It always comes back to this place …
I’ve been all over the world, and there’s no place I’m happier to visit than California’s Joshua Tree National Park. It is … for me … home.
Earlier this year, I was driving through the park with my best friend when he asked, “What is it that you love about this place?” Because of Clifton’s facetious nature, it took me a minute to deduce that his question was sincere and not sarcastic.
I had just been dumped by my ex for the seventh time in a year so a lot was on my mind before crossing the park’s entrance. “You know, when I’m here … whatever is going on back in Los Angeles doesn’t matter. Nothing changes here; it’s the same rock formations, same Joshua Trees, same roads and same hiking trails. So I can come here and what’s ever happened between Camille and I doesn’t matter. It might matter once I leave, but while I’m here, it doesn’t. And I guess that can be applied to everything in my life.”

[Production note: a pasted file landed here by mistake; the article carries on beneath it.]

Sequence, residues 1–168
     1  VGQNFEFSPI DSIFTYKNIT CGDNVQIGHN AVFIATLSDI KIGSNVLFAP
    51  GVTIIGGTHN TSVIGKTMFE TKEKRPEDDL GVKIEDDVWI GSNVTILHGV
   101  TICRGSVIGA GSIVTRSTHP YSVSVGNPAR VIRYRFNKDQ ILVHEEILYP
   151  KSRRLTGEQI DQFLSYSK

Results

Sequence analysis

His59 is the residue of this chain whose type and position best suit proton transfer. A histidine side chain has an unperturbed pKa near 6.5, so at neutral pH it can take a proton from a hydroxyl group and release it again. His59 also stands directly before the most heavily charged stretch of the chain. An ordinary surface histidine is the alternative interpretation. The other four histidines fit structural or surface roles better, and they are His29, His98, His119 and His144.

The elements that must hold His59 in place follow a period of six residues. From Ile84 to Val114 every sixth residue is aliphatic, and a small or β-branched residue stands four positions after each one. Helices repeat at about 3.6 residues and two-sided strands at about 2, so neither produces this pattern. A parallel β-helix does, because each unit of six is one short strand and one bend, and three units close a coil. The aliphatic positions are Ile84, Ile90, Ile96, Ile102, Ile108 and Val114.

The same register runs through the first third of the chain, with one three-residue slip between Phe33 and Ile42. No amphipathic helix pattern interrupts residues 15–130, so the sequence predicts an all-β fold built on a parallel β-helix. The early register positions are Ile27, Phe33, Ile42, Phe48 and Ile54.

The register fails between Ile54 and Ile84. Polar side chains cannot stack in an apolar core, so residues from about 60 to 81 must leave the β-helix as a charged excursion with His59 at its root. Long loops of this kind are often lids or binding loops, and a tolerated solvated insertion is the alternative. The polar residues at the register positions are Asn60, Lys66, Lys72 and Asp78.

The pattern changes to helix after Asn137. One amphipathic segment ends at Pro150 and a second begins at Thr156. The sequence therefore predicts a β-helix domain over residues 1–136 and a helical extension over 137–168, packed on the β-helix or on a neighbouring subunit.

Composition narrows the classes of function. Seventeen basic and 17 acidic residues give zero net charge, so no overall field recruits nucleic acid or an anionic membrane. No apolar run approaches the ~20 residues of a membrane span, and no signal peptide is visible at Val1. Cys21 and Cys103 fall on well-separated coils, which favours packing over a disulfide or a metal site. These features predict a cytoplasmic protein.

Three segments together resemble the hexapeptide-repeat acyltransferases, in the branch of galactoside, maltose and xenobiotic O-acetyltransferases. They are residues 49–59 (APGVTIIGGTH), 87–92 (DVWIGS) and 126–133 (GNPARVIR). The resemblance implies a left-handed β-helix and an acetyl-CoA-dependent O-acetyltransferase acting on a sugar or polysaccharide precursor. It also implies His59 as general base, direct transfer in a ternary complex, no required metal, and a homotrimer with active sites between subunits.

And that was the absolute truth. For some reason, visiting Joshua Tree grants me the ability to step outside of my person for a moment and just be one with the universe, one with nature. It’s not something that happens very often for me when I travel.
Growing up, my grandparents owned a cabin in 29 Palms, a small desert community located next to Joshua Tree. On holiday weekends, the entire family would drive up to the house and we’d bar-b-que, play dominoes and ride ATVs. The boys would take our BB guns and hunt lizards and snakes, throw rocks through abandoned cabin windows and just be little juvenile terrorists.
Those are some of the fondest memories of my youth, and there’s something about Joshua Tree that brings back a strong sense of nostalgia. This, coupled with the freedom from self, makes J. Tree my favorite place in the world. I have a lot of places I love to visit, but this is the only one that never gets old.
“The ache for home lives in all of us, the safe place where we can go as we are and not be questioned.” – Maya Angelou